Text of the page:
October 30, 2018

Dreaming: History & Significance

Anxiety & Depression
Mental Health & Wellbeing

Dreams are seemingly so mysterious and fascinating as it is a common activity that is unique to our minds as we sleep. Some cultures believe that the whole world dreams including animals, rivers, trees and the earth itself. Sometimes our dreams can be silly and seemingly far-fetched, other times they are fearful and disturbing. Maybe you have a dream over and over again. Or maybe you simply don’t remember if you dream at all. Not remembering dreams is a common experience. I believe that understanding and simply reflecting on our dreams can be an additional tool to understanding ourselves more than we know.

What Are Dreams Anyway?

“A dream is a microscope through which we look at the hidden occurrences in our soul.” – Eric Fromm

When you think of analyzing your dreams, what do you think of? Some people usually picture psychics with crystal balls or lying on the couch while a Freud-like psychologist tells them what their dreams mean, but it’s really not any of those things. I believe it truly is another valuable way you can better understand and learn about yourself. Dreams can be a door to symbolism, language, perspective and insight. Some early theorists (like Freud), believed that dreams were the “royal road,” to our unconscious.

Some History

Dreams can be traced back to the Babylonians and Egyptians who believed dreams were prophetic and held heavenly meaning. As the enlightenment era came about, Aristotle also interpreted dreams as psychological phenomena and viewed them as the life of one’s soul while asleep. It wasn’t until the mid-19th century, where scientifically-based dream research began. But, Freud and his book “The Interpretation of Dreams” was what widely opened the door to dream analysis — his theory was the first that incorporated dreams in the context of a helping relationship. Several other theorists adapted and built more theories and information from there; therapy models like art therapy and cognitive behavioral therapy also began to incorporate dream analysis into the healing process.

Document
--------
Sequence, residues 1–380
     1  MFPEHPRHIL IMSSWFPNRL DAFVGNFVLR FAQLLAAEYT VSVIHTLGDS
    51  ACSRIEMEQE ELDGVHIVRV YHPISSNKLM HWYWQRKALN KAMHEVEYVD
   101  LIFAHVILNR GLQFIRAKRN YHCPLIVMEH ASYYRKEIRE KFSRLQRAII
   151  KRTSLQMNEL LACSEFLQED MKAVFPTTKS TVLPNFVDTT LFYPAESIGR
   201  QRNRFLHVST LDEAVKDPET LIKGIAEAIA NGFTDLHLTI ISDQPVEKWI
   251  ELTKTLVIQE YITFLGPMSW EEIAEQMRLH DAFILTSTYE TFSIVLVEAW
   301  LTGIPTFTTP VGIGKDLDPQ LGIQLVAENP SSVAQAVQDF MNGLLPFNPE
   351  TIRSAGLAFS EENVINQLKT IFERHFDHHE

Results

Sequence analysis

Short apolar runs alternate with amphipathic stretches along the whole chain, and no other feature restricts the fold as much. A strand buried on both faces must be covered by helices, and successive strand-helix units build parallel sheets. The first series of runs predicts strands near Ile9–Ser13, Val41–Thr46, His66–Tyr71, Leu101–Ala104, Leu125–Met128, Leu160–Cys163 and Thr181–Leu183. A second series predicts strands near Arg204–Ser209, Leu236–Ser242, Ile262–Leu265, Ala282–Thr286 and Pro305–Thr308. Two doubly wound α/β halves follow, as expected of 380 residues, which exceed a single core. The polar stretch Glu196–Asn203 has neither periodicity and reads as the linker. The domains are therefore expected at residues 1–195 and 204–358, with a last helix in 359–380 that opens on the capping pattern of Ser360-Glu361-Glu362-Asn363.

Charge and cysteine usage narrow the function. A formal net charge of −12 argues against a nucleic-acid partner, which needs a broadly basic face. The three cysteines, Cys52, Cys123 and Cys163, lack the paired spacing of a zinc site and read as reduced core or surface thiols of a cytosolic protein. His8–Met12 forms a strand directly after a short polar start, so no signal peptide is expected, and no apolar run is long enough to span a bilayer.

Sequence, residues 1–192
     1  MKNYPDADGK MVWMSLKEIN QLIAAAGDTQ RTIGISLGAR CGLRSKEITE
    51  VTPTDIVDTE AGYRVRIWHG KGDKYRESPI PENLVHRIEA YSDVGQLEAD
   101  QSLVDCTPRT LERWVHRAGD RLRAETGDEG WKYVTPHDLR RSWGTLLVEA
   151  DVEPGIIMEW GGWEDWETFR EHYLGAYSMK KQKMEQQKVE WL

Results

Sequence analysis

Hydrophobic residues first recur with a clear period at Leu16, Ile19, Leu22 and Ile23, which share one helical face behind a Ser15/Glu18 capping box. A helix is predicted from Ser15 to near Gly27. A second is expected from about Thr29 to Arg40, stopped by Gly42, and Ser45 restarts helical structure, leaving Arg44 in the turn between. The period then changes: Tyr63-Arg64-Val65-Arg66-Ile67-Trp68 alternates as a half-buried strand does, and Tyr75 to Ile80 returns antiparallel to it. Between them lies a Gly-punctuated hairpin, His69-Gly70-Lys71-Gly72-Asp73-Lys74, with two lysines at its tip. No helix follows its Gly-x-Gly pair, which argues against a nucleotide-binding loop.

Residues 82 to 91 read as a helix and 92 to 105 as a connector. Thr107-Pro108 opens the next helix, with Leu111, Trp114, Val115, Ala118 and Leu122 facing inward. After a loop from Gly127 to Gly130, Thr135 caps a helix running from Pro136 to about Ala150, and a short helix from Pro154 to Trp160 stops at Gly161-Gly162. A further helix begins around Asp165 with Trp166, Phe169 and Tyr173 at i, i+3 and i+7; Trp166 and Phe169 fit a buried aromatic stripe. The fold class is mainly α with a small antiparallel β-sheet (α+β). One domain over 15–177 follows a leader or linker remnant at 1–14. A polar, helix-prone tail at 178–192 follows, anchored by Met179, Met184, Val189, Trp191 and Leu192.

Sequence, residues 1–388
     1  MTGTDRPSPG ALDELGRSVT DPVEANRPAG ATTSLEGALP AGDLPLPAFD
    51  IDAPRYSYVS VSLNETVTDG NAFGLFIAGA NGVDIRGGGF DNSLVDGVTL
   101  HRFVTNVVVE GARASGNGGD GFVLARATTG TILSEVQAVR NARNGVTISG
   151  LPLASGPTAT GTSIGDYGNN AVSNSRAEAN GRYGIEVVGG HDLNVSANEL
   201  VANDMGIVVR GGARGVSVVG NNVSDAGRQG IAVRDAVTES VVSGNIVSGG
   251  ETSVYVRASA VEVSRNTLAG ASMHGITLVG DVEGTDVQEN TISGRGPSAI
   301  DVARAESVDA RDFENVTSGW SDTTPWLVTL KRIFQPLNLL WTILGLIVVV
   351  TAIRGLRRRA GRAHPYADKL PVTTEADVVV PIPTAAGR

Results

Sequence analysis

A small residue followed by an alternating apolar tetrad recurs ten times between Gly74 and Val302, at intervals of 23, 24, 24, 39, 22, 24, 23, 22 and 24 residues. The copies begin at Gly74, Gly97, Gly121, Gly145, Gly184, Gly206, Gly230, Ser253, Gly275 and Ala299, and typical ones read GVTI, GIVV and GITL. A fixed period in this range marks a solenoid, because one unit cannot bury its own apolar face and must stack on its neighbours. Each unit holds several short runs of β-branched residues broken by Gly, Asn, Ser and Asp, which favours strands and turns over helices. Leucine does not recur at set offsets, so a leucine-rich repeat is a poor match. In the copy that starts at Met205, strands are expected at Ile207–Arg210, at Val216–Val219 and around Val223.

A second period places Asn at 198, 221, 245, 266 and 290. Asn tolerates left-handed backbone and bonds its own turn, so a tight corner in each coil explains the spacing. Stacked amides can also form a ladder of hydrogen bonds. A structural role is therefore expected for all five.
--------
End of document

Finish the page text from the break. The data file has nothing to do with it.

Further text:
Theories on Why We Dream:

Dreams help us deal with our emotions.

Dreaming can be the mind and body’s way of communicating between our conscious and unconscious mind. Dreaming lets us play out painful or puzzling emotions or experiences in a safe space, revealing perhaps some of our deepest desires and deepest wounds. They can be a way that allows us to process information or events that may be painful or confusing in an environment that is at once emotionally real but physically unreal.

Dreams help our brains learn, sort, evaluate and process what happens to us during the waking hours.

Some studies and research show that dreams can be part of how we learn. People who are actively learning during the day may have more dreams; one study found that students learning a language had more dream activity than non-students.

Dreams have no meaning and don’t serve any function.

Since there isn’t a lot of research on dreaming and the very nature of dreams can be lucid, evasive, or having a broad range of meanings, we may consider that dreams might just be a byproduct of sleep.

Regardless, there can be many explanations of why we dream and what dreams may signify. So what now? In my next part of this two-part dreams series, I will break down how we can notice our dreams, pay attention and begin to analyze and interpret our dreams!

Written by therapist Tina Choi

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